Indeed, also many of these fixes can also be/are already backported to older releases. The manufactures just don't care enough to build and test them and if they did the carriers don't want to send a patch through QA and the side deals for many branded phones don't let the manufactures publish updates directly.

A malicious APK? (5, Funny)

Anonymous Coward | about a year ago | (#44220735)

There's only one solution for a malicious APK.

We need a custom HOSTS file ...

Re:A malicious APK? (1)

snikulin (889460) | about a year ago | (#44220949)

nonono! We need to assign a governmental agency to watch all our traffic and block all malicious content.
 

IF you can ID where it's served up from? (0)

Anonymous Coward | about a year ago | (#44224061)

You're correct - a custom hosts file can block that out, no questions asked. "You can't get burned if you can't touch the flame" so-to-speak! Yes - You also can load even load up a custom hosts file on Android os bearing smartphones you know, using adb (Android Debugging Bridge) & its "pull" command - easily.

I'd recommend using a smaller 'optimized' hosts file and yes producers of them DO put those out!

("Optmized" meaning carrying more current infestors vs. older ones that might be using "FastFlux" or Dynamic DNS faults, since they're larger & space on Android's not exactly 'bountiful' imo, but less line entry records overall from over time).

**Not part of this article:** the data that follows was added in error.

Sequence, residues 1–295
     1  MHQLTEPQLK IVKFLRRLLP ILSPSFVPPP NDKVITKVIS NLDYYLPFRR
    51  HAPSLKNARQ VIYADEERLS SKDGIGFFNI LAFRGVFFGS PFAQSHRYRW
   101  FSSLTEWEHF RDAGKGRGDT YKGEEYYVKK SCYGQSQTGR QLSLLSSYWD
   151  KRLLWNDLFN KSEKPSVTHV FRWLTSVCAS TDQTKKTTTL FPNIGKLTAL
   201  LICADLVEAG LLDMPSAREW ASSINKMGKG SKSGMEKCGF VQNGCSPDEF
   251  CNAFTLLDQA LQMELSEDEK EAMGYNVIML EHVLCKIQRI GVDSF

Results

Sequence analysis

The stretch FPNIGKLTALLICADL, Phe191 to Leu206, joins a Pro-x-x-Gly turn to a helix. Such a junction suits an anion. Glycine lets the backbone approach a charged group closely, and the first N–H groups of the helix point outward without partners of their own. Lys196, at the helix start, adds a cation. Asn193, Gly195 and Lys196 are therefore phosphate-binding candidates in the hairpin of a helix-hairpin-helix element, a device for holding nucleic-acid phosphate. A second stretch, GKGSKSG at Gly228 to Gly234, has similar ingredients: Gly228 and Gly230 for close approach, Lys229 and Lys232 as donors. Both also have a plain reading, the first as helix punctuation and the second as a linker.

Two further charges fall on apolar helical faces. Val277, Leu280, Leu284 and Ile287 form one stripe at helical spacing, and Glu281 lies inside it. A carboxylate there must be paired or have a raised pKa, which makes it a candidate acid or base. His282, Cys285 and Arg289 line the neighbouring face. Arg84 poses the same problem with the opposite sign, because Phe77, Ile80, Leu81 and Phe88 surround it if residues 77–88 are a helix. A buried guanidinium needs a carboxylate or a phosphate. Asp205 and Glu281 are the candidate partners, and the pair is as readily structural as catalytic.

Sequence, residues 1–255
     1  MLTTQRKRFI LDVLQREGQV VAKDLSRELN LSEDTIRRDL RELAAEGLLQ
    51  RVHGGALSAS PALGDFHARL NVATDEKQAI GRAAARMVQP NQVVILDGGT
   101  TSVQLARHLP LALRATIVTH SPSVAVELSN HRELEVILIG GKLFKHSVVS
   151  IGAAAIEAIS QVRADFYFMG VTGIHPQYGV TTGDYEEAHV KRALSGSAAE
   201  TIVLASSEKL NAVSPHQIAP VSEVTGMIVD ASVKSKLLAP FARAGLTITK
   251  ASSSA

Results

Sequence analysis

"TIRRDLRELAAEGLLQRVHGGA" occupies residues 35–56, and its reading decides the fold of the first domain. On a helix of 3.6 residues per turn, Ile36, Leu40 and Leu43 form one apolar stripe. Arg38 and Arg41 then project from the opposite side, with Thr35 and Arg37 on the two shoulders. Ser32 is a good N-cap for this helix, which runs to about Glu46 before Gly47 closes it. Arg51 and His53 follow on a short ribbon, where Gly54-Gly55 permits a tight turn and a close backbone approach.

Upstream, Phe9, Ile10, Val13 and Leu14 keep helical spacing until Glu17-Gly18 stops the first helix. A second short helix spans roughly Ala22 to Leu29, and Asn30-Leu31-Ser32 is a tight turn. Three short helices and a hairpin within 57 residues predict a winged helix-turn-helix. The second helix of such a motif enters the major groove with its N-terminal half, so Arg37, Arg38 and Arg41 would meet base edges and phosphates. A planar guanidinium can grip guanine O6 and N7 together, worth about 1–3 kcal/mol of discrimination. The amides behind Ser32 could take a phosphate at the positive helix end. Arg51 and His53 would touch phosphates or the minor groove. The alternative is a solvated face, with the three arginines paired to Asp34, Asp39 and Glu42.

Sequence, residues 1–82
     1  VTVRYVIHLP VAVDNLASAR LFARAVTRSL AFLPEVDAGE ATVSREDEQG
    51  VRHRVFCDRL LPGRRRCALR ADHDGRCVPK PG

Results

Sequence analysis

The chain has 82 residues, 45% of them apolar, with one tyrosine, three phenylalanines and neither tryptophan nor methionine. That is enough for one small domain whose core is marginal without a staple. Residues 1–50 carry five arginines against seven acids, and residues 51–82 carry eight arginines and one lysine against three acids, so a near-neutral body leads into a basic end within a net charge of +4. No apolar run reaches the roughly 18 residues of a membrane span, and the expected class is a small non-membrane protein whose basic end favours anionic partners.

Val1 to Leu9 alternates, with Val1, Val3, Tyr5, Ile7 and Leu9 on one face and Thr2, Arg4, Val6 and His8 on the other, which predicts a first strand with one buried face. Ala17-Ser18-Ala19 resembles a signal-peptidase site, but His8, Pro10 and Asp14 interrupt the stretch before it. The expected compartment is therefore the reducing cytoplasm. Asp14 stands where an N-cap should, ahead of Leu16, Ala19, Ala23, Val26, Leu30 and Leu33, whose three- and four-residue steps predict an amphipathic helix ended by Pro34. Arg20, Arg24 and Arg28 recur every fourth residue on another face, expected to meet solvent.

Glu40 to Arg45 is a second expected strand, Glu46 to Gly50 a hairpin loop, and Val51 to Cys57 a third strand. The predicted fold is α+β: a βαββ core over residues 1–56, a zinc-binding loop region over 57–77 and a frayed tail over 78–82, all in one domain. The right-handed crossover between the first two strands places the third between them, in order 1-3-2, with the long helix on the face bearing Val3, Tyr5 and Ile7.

* You end up with the same list of benefits I enumerate in the link below (where my custom hosts file import/normalize-depuplicate/sort/create program is) - & I do, as-per-my-usual, challenge ANY "naysayers" to disprove my points on custom hosts files' value to end users in better added speed, security, reliability, & yes, even anonymity to an extent as well Nobody can, or ever does - it is, clearly impossible: It's not my fault these naysayer trolls, usually by ac posts, are easy to outthink! It's too easy to do, every single time for me. Their trollish reactions though? They're even funnier - "just when trolls thought they 'know it all', along comes me to school them", lol!

APK

P.S.=> However, since you're modded "funny"? Then, I can be a lot funnier & challenge you to disprove the enumerated list of points regarding the good benefits custom hosts files give end users of them in added speed, security, reliability, & even anonymity(to an extent vs. dns request logs + dnsbl's) in the link below :

http://start64.com/index.php?option=com_content&view=article&id=5851:apk-hosts-file-engine-64bit-version&catid=26:64bit-security-software&Itemid=74 [start64.com]

... apk

Speaking of "funny"... apk (0)

Anonymous Coward | about a year ago | (#44224315)

My "latest schooling" of Ash-Fox on DNS servers vs. Hosts files (which the latter gets you past the former's security shortcomings) -> http://news.slashdot.org/comments.pl?sid=3929071&cid=44223687 [slashdot.org]

* :)

That serves as a "prime example" of what I meant by "naysayer trolls" - especially when that dolt came in saying "I got the better of you APK" essentially - so much for that!

Well, that link above shows the truth of that, & it wasn't he who ended up on top... I did!